CREDITS: I would like to thank Jeremy D'Entremont for providing much of the history one can find on this site. He is a speaker, author, historian, and tour guide who is widely recognized as the foremost authority on the lighthouses of New England. For a story on Jeremy or to visit his site (New England Lighthouses: A Virtual Guide), use the corresponding link in the right hand information bar under "Related Links".

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I have set up this site as a means to share my photographs of lighthouses. Since retiring and finding more time to study photography, my interests have expanded a little. For some of my work other than lighthouses please enjoy my Facebook page at, John Shaw Photography. Come visit, enjoy, and 'LIKE' if you wish.

Also, for your enjoyment, I have provided a slideshow of our journey. To view it please use the link on the right under 'Site Navigation Tools'.

I sincerely hope you enjoy my efforts and use my site not only for information and education but also to provide directions for many enjoyable, inspirational visits to the beacons along our beautiful coas.

Wednesday, March 19, 2014

Tenants Harbor Lighthouse

     Tenants Harbor, one of the villages that makes up the town of St. George, grew up around a sheltered harbor on the east side of the St. George peninsula, at the southwest end of Penobscot Bay. With fishing and granite quarrying flourishing in the area, Congress appropriated $4,500 for a lighthouse on 22-acre Southern Island, at the entrance to the harbor, in August 1854.

     The dwelling was originally painted brown and the tower was painted white, and the roof of the lantern and the ventilator ball were painted red. The tower is connected to the wooden keeper's dwelling by a small workroom. Later additions to the station included a boathouse in 1880, a storage shed in 1895, and an oil house in 1906. A small shed was built next to the kitchen wing of the dwelling in 1887. For some years, the light station had a hand-operated fog bell. A wooden pyramidal bell tower with automatic striking machinery was later added.

     In 1934, Tenants Harbor Light was one of a group of Maine lighthouses discontinued by the government and sold at auction. The lighthouse was bought by a Rockland resident. The island passed through several hands until artist Andrew Wyeth and his wife, Betsy James Wyeth, bought it in 1978. The Wyeths spent a number of summers on Southern Island. Betsy Wyeth told Architectural Digest in 1986, "I love everything about this house. Just walking into it refreshes me. It's like being on a ship-the brass polished, everything swept clean. I love the patterns of our life here."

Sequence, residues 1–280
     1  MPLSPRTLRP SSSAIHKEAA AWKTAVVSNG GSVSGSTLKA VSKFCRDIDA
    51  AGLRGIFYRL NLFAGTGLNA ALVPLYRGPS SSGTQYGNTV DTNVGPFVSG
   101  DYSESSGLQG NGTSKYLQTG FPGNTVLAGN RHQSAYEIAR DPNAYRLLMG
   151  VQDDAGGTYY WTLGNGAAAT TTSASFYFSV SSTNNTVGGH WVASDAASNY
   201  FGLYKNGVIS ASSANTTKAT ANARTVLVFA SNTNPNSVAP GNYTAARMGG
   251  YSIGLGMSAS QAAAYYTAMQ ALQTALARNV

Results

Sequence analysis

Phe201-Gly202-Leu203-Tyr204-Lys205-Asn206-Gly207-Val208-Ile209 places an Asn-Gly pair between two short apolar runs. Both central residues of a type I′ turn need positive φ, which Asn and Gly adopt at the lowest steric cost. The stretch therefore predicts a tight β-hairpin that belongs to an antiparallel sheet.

Andrew Wyeth, a history buff, designed a studio inside the base of the old 30-foot-tall bell tower. The room is a scaled-down version of Lord Nelson's quarters on the Victory. Since 1990, Betsy and Andrew's son, artist Jamie Wyeth, and his wife, Phyllis Mills Wyeth, have lived on the island. "It's like living in an Andrew Wyeth painting," Jamie Wyeth told National Geographic.

     In March 1993, Jamie Wyeth weathered a blizzard on Southern Island. He spent much of the storm in the lighthouse. "It was fantastic," he said. "It really blew a gale. There are vents in the lighthouse tower, and when the wind came screaming through it sounded like fifty metroliners."

     Tenants Harbor Light has appeared in a number of paintings by Andrew and Jamie Wyeth, including Andrew Wyeth's "Signal Flags" and "Iris at Sea," painted by Jamie Wyeth to raise funds for the Island Institute of Rockland.

     Directions:  Although the buildings can be seen distantly from the public landing a Tenants Harbor, trees often obscure any view of the light house.  The best views can be had by taking a lighthouse cruise out of Port Clyde.  Morning light is probably best for photography.

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